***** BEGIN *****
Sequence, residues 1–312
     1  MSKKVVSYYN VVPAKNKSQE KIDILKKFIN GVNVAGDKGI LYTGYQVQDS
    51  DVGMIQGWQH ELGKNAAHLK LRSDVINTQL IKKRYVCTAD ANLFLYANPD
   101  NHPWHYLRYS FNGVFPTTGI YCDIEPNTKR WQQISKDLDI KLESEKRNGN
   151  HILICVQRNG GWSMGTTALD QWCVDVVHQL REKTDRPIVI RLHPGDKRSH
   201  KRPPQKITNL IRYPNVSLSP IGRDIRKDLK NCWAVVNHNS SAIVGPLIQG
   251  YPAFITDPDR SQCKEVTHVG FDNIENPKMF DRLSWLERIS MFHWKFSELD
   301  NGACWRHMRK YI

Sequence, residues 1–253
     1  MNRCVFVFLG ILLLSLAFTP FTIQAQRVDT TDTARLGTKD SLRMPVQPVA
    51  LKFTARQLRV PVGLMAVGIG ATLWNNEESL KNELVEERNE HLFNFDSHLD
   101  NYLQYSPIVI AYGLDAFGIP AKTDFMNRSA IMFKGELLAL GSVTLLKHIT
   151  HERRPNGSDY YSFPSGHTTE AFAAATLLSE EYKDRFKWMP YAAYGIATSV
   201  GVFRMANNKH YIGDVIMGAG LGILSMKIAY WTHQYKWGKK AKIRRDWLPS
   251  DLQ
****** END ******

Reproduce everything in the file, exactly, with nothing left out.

Sequence, residues 1–312
     1  MSKKVVSYYN VVPAKNKSQE KIDILKKFIN GVNVAGDKGI LYTGYQVQDS
    51  DVGMIQGWQH ELGKNAAHLK LRSDVINTQL IKKRYVCTAD ANLFLYANPD
   101  NHPWHYLRYS FNGVFPTTGI YCDIEPNTKR WQQISKDLDI KLESEKRNGN
   151  HILICVQRNG GWSMGTTALD QWCVDVVHQL REKTDRPIVI RLHPGDKRSH
   201  KRPPQKITNL IRYPNVSLSP IGRDIRKDLK NCWAVVNHNS SAIVGPLIQG
   251  YPAFITDPDR SQCKEVTHVG FDNIENPKMF DRLSWLERIS MFHWKFSELD
   301  NGACWRHMRK YI

Sequence, residues 1–253
     1  MNRCVFVFLG ILLLSLAFTP FTIQAQRVDT TDTARLGTKD SLRMPVQPVA
    51  LKFTARQLRV PVGLMAVGIG ATLWNNEESL KNELVEERNE HLFNFDSHLD
   101  NYLQYSPIVI AYGLDAFGIP AKTDFMNRSA IMFKGELLAL GSVTLLKHIT
   151  HERRPNGSDY YSFPSGHTTE AFAAATLLSE EYKDRFKWMP YAAYGIATSV
   201  GVFRMANNKH YIGDVIMGAG LGILSMKIAY WTHQYKWGKK AKIRRDWLPS
   251  DLQ